Rescuing an Injured Animal

injured animalAs a animal lover from birth, I have a hard time leaving wild, lost or hurt animals alone.  Just the other day I was working outside with a friend when we noticed a baby squirrel.  To me the squirrel needed rescuing, when in fact, his mom was right near by.  Luckily, after I held it a bit, we found it’s sibling to put it near and the mom took it back.  Obviously, my over zealous need to rescue wasn’t needed, but many times people bring dogs or other animals to a veterinary clinic that have been in an accident or found injured.  Knowing how to approach an injured animal and what to do with them is important.

Approaching an Injured Animal

You can’t always guess how an injured animal may react.  They may be scared, in shock, in pain or all of the above.  When you first approach an injured animal, you can almost tell if they are open to your approaching or more likely to growl and bite.  You need to take precaution, even if they appear friendly, because you can’t always predict what they will do.  An animal in a crisis, even if they are usually docile, can snap.  Take the advice from your veterinary clinic and approach with caution.  It is a good idea to keep something between you and the animal like a towel or a sheet.

If the animal is a wild animal, you want to make sure you don’t get bit.  Rabies is a concern you don’t want to mess with.  We cannot advise you to rescue a wild animal, if you take it upon yourself to help a wild animal, wearing gloves and getting another person to help if possible, will make things go better.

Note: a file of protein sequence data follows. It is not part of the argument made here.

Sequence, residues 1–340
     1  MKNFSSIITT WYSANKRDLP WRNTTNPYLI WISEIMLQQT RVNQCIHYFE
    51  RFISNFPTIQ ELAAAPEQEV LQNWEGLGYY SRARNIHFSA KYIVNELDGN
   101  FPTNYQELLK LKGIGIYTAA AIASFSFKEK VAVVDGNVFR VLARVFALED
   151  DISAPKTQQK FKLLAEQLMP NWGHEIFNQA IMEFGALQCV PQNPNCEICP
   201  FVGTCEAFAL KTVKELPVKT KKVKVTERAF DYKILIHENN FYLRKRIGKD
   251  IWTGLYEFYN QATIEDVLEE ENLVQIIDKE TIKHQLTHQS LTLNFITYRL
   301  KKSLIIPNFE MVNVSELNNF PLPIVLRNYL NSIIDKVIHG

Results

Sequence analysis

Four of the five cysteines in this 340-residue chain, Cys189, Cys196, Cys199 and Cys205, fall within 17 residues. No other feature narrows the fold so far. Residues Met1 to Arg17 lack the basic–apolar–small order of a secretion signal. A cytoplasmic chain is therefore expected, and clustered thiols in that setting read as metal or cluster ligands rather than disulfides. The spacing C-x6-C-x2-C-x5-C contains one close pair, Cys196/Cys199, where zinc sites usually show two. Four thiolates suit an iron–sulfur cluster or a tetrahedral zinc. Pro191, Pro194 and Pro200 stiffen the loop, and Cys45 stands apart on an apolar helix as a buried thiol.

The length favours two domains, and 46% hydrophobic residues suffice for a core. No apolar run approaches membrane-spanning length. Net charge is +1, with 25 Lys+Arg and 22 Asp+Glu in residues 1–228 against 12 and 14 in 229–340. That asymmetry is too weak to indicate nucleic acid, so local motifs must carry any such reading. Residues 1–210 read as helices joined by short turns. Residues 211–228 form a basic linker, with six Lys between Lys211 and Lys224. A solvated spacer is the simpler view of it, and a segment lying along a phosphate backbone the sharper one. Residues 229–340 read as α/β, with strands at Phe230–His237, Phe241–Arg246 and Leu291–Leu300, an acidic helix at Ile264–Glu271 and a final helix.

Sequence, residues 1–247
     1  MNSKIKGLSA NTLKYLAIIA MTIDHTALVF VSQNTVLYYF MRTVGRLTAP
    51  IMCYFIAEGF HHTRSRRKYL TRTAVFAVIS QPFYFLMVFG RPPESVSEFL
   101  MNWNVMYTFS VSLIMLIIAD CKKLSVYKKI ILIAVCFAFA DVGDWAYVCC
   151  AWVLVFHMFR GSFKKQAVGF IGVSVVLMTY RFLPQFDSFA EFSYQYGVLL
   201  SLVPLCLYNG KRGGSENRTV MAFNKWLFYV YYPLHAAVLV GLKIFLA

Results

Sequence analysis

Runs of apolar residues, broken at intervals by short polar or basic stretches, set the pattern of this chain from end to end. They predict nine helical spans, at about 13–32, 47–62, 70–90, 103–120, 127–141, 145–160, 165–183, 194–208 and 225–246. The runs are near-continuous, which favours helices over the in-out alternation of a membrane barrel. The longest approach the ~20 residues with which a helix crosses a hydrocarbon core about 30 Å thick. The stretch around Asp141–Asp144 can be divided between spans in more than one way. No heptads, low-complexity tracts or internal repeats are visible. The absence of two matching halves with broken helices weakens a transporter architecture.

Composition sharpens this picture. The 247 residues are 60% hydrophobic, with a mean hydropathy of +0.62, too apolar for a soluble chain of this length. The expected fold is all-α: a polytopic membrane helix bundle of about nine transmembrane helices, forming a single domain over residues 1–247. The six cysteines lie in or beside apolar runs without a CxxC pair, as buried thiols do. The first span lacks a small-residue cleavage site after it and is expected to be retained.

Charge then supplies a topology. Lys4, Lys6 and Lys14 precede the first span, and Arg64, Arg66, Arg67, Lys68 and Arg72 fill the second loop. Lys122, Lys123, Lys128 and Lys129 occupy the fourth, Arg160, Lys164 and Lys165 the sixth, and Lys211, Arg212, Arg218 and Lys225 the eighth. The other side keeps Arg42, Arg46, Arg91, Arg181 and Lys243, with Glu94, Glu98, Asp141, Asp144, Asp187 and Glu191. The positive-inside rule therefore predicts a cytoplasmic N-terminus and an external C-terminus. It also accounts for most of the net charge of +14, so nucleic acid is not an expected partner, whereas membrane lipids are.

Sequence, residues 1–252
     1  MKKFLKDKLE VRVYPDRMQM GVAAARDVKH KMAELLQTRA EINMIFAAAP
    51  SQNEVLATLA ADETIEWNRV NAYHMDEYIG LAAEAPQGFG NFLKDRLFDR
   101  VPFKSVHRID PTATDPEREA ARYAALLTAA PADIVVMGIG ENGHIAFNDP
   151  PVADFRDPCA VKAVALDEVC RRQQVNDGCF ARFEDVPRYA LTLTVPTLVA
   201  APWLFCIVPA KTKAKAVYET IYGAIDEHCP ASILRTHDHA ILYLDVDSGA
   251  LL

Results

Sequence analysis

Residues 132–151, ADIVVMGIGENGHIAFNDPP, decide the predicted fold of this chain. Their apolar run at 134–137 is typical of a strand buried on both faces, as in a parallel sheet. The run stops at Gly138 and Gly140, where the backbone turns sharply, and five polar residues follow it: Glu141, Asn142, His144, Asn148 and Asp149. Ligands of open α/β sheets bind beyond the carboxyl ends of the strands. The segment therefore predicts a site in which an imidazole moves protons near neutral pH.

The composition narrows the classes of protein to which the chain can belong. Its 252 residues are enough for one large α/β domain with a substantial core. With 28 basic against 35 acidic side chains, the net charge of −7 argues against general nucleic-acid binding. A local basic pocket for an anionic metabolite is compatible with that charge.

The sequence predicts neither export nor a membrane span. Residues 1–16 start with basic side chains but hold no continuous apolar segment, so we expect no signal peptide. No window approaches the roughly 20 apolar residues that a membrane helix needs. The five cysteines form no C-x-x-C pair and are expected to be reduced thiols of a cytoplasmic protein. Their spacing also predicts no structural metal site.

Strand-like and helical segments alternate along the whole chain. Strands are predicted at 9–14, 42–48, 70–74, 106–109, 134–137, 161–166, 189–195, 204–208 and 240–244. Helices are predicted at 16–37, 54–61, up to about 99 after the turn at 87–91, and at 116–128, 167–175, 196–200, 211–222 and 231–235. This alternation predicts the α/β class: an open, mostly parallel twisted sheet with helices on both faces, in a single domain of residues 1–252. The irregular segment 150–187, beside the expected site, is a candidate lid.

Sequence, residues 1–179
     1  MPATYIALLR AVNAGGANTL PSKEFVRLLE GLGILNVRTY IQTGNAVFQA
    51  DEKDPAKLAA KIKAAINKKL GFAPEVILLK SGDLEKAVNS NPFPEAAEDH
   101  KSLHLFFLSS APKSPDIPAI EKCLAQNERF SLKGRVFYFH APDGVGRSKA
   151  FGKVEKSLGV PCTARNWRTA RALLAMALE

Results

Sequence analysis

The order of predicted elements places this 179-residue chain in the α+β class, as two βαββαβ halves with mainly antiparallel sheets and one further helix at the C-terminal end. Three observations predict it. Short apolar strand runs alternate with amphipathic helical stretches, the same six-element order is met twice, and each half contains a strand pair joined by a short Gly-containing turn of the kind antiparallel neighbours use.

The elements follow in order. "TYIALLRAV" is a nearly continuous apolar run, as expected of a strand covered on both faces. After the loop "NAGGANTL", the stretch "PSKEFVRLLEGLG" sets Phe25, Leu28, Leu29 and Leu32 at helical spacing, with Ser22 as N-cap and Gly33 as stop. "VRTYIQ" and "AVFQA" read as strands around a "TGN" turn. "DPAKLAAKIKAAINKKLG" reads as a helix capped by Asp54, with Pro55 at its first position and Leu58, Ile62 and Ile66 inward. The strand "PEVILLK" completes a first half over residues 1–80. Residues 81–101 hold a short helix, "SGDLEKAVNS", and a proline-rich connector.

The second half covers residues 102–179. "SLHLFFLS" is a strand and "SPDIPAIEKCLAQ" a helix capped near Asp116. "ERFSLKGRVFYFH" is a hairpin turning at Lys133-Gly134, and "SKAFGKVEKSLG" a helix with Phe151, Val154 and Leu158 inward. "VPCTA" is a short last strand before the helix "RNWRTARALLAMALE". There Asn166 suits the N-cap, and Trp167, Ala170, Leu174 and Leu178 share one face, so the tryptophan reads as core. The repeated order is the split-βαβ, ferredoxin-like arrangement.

Examining the Wounds

If you are able to see what injuries the animal has, you can determine if lifting the animal is safe.  Sometimes animals need to be lifted with care to avoid hurting them further.  Unless you are a trained veterinarian, you probably won’t be able to completely diagnose what is wrong with the animal and the extent of the injuries.  If you know any basic first aide you can offer that to the animal if they will let you.   Sometimes cleaning a wound and allowing it to heal is all that is necessary to help the injured animal get back on its own.  If the animal is wild, you are better off returning it to its home after it is well than trying to keep it as a pet.

No one likes the thought of putting an animal out of its misery.  Sometimes an injured animal is in so much pain or their injuries are to the extent the best thing you can do for the animal is to end its suffering as quick as possible.

Calling Your Veterinary Clinic

If you decide the injuries require veterinarian assistance, you can call your veterinary clinic and see if they can help.  Many times someone there is willing to help with an injured animal.  If it is someone’s pet, they will be glad you brought them in for help.  Other organizations exist that can help with animal rescue and wildlife.

The most important thing to remember is to make sure you are safe when you attempt to rescue an injured animal and that you provide the animal with the most humane care.  If you have any questions, please call your veterinary clinic in Richmond, Advanced Animal Care

 

 

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